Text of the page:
‘I Spend More Time With My Work Partner Than My Real One’

“A work wife is just someone you flirt with with at work. Totally harmless, totally normal. I have two work husbands, three work ex-boyfriends, one work stalker and one work dog. You should get a work husband! Just be careful.”-Happy Endings, ABC

With all the time we spend at work today, the office really can become a second home. If our second home had several computers, cubicles, fluorescent lighting, bathroom stalls and erratic temperature control. And in some cases, depending on our jobs, the people we work with truly become our family. If you have a job or run a business where you are working intimately with one person, you may actually spend more time with him or her than your real life partner. We talked to some people about this and what effect it had on their personal relationships.

According to a survey from Captivate Network, 65% of workers have or previously had a work spouse. According to Linda Young, Ph.D., a Houston-based psychologist and relationship therapist who consults with companies on workplace dynamics:

“It’s your number one ally and advisor at work—the person you can laugh with or be stressed out with, have politically incorrect conversations with, and give honest opinions to.”

And despite the long hours that work spouses spend in close quarters, studies show that most of the time nothing salacious is going on. Only 8% of workers said they crossed the line with their work husband or wife, according to the survey.

Joe Parsons told The Grindstone:

“I have owned a small, successful mortgage company in the San Francisco Bay Area for about fifteen years. For the last ten years, I have worked with a partner, who is a very close friend in addition to being my ‘work wife.’ I definitely spend more time with Cindie (and in many respects have a better relationship) than I do with my ‘regular’ wife of 43 years.

Working together–especially in our industry–is very much like being in combat together. Sharing the same specific goals, dealing with the same kinds of obstacles, disappointments and victories definitely creates a very strong bond.

Operating our business together requires focus, dedication and effective communication. Those elements are necessary for a good marriage as well, but the goals we have in business are more specific and identifiable than overall life goals. The reason our relationship is so healthy is that we don’t have to live together. If we have conflict with each other, we have at a minimum 10 hours or so to cool off and come back in the morning to meet our shared objectives. It has also been quite a lot easier to establish ground rules for resolving conflict with Cindie than with my wife. It is very hard (if not impossible) to overcome certain habits and behaviors that likely have taken decades to establish.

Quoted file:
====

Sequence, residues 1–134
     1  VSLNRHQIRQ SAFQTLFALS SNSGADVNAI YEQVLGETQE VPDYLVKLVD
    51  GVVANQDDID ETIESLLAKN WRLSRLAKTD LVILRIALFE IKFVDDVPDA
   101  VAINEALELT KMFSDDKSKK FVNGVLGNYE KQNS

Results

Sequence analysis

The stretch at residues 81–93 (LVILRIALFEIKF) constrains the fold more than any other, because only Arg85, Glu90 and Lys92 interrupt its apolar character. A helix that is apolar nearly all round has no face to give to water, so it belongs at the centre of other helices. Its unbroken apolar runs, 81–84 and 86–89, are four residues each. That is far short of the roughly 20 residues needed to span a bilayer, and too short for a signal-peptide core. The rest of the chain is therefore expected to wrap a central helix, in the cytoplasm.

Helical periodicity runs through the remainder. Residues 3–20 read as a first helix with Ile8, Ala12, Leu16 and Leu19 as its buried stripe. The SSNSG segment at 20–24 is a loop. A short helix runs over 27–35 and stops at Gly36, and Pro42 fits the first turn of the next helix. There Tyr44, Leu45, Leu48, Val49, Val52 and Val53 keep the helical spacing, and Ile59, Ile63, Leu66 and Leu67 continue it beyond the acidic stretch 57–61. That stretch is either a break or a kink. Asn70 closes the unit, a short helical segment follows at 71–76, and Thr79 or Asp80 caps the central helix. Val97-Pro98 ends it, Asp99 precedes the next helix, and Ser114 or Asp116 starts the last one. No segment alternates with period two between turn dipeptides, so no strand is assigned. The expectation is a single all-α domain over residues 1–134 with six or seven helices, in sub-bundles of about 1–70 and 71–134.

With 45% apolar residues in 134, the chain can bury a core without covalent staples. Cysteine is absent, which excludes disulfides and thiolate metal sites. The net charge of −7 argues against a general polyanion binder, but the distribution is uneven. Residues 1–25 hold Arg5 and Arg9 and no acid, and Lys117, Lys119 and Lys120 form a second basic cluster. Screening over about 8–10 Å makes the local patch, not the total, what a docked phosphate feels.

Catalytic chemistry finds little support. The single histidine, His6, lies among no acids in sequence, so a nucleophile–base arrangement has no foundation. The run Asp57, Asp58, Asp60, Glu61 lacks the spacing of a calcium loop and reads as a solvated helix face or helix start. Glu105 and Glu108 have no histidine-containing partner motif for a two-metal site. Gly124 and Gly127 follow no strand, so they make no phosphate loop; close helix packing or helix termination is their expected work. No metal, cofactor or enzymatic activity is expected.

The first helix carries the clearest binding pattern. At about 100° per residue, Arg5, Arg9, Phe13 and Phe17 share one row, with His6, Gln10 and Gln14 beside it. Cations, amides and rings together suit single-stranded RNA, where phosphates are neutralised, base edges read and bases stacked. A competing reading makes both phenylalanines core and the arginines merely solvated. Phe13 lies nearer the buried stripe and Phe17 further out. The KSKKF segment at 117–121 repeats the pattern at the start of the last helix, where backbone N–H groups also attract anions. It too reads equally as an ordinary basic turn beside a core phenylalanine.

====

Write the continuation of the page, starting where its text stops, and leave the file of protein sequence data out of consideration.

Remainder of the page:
I typically spend more time with Cindie during the week than I do with my wife. We work a 40-plus hour week, and most of that is dealing together with clients face to face or on the phone. Fortunately, we enjoy each other’s company and put up with each other’s foibles!

I suppose there was a time when my wife had some jealous feelings about my partner, who is an unusually attractive woman. She (my wife) has come to realize that Cindie does not pose a threat to our relationship.”

Fletcher Findley, an attorney in a Seattle estate planning law firm he helped found, said his close relationship with his business partner does sometimes add tension to his relationship with his girlfriend.

“After starting the law firm, my business partner and I went from seeing each other once or twice a week to every day in the office to spending 40-50 hours a week together, sometimes more. This is about on par with the amount of time I see my girlfriend, and depending on the weekends I sometimes find myself spending substantially more time with my partner than with my girlfriend.

Overall my experience with this arrangement has been a very positive one. My partner and my girlfriend get along well, and having such a close relationship with my partner actually removes some of the pressure from my relationship with my girlfriend.

However, in past instances of tension between us, my girlfriend has placed some negative focus on my business partner. For example, if I went to happy hour with him before coming home, or helped him work on his house on the weekend, she expressed feeling that I was using him as an excuse to get away from her, and after one of the incidents she would be a little colder towards him.”

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    • Lastango

      Seems dicey. I can see how it would have special appeal for someone who deliberately “settled” — like the guy who wrote that his excitement and energy in life come from his work and his colleagues, not from his wife. I suppose we can assume he loves his wife (he didn’t say), but she’s definately not the center of his universe, and he has no incentive to fix that by drawing closer to her or discovering ways to deepen their intimacy and reliance on each other.